Editorial: Fifty Shades of Grey: Exploring the Dark Sides of Leadership and Followership
- 1Business School, Durham University, United Kingdom
- 2Bar-Ilan University, Israel
- 3Department of Psychology, University of Groningen, Netherlands
“I could stand in the middle of Fifth Avenue and shoot somebody and I wouldn’t lose any voters. Okay. It’s like incredible!” Donald J. Trump, President of the United States, in January 2016 at a campaign rally in Iowa.
In light of corporate and political turmoil and subsequent questions raised about leaders’ dark sides, this Research Topic is particularly timely. We set out to contribute to theoretical, empirical and methodological advancements, focusing on dark sides of personality, processes, and perceptions, and how they relate to leader-follower relationships. Studies of the dark side of leadership follow a long-standing tradition (Conger, 1990), and initially focused mainly on negative leader traits such as narcissism (Braun, 2017) and leader behaviors such as abusive supervision (Schyns & Schilling, 2013; Tepper, 2007; Tepper, Simon, & Park, 2017; Hogan & Kaiser, 2005). The particular potential for toxicity to unfold at the intersections of leadership and followership has been noted (Padilla, Hogan, & Kaiser, 2007), yet research into this domain remains largely underdeveloped. While followership theories receive increasing attention (Uhl-Bien, Riggio, Lowe, & Carsten, 2014), the potential dark sides of followership or followers’ impact on dark-side leaders remain unclear. Deviating from the unidimensional view that leaders are omnipotent and to be blamed for negative outcomes, we seek to place emphasis on the different ‘shades’ of dark leadership by focusing on how dark leadership can be explained by taking leaders, followers, and their interaction in specific contexts into account.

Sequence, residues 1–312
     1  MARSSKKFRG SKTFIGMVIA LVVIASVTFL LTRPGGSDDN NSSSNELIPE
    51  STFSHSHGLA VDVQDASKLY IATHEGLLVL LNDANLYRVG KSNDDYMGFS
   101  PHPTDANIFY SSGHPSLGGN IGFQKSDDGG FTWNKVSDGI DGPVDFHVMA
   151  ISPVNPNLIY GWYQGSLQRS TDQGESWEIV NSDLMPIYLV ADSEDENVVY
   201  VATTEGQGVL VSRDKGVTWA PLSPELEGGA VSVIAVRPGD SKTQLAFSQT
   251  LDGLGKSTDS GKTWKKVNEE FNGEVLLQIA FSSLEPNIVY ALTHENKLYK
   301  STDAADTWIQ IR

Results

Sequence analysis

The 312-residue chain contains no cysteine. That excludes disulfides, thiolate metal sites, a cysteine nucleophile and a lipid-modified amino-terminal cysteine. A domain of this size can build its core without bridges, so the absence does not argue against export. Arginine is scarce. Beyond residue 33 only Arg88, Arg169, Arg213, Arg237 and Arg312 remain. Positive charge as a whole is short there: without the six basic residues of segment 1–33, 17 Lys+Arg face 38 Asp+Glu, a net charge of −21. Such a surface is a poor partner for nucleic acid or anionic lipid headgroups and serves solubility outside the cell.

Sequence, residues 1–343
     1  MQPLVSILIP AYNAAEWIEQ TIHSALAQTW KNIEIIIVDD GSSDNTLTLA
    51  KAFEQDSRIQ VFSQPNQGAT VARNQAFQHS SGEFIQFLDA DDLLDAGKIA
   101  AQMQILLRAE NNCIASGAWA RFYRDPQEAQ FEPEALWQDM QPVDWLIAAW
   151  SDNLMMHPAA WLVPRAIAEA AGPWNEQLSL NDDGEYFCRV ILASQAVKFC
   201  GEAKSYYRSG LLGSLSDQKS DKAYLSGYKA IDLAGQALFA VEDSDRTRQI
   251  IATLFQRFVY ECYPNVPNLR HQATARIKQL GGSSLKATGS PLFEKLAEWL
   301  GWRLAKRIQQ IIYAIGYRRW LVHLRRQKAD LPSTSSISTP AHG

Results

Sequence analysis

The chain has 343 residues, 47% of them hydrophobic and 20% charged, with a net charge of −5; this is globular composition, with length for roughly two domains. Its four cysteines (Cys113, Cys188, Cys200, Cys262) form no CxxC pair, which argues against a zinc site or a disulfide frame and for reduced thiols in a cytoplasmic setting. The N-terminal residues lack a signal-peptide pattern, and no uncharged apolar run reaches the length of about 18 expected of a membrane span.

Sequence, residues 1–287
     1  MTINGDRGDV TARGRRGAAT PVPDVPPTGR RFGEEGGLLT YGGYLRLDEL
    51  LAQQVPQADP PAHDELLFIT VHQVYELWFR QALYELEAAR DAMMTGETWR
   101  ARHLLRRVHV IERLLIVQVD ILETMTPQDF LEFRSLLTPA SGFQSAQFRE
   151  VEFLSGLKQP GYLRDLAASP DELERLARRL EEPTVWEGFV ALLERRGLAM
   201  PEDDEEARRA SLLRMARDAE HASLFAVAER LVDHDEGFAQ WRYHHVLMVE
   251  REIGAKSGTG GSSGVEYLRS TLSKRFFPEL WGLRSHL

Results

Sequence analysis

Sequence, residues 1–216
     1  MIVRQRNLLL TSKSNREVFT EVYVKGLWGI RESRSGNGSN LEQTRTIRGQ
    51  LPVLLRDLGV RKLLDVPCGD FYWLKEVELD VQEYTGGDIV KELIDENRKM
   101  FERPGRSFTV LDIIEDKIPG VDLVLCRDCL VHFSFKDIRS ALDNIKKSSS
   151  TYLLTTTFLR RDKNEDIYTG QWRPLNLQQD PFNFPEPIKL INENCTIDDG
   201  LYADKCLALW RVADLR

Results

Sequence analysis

In line with the purpose to explore the intersections between dark-side leadership and followership, we saw three main themes emerging from the articles published in this Research Topic. The first theme revolves around leader traits and behaviors. It focuses on questions such as what makes a ‘dark-side’ leader and what ‘dark-side’ leaders do. The second theme accounts for the interaction between leaders’ and followers’ characteristics, and zooms in on the extent to which this interaction may affect the negative impact of ‘dark-side’ leadership or followership. Finally, the articles also reflect novel ideas, extensions and integration of current theories at the interface between leadership and followership.
1. Leader traits and behaviors
The conceptual paper by De Vries reviewed personality traits and their links with dark leadership styles. The Three Nightmare Traits (TNT), leaders’ dishonesty, disagreeableness, and carelessness, were found to be aligned with low honesty-humility, agreeableness, and conscientiousness. Using a Situation-Trait-Outcome-Activation (STOA) model the author argued that specific situations should attract TNT leaders, activate their dark-side traits, and result in (mainly but not exclusively) negative outcomes in relation to the recognition, perception, and attribution of leadership.
In addition, three of the published articles gave primary attention to the question of what dark-side leaders do and how they affect followers at work and in terms of their personal lives. This widens our scope of leadership behaviors that are perceived as negative, and allows us to explore more discrete types of negative behaviors and their outcomes.
Three different types of destructive leadership and their effects on follower outcomes were assessed in an experiment and a field study by Schmid, Pircher Verdorfer, and Peus. Differentiating between distinct types of negative leadership their research focuses on follower-directed (abusive supervision), organization-directed, and self-interested (exploitative) destructive behaviors. All three forms of dark-side leader behaviors predicted followers’ negative affect. However, abusive supervision elicited the highest levels of fear. In relation to turnover intentions, exploitative leadership and abusive supervision affected calculative and immediate turnover intentions similarly.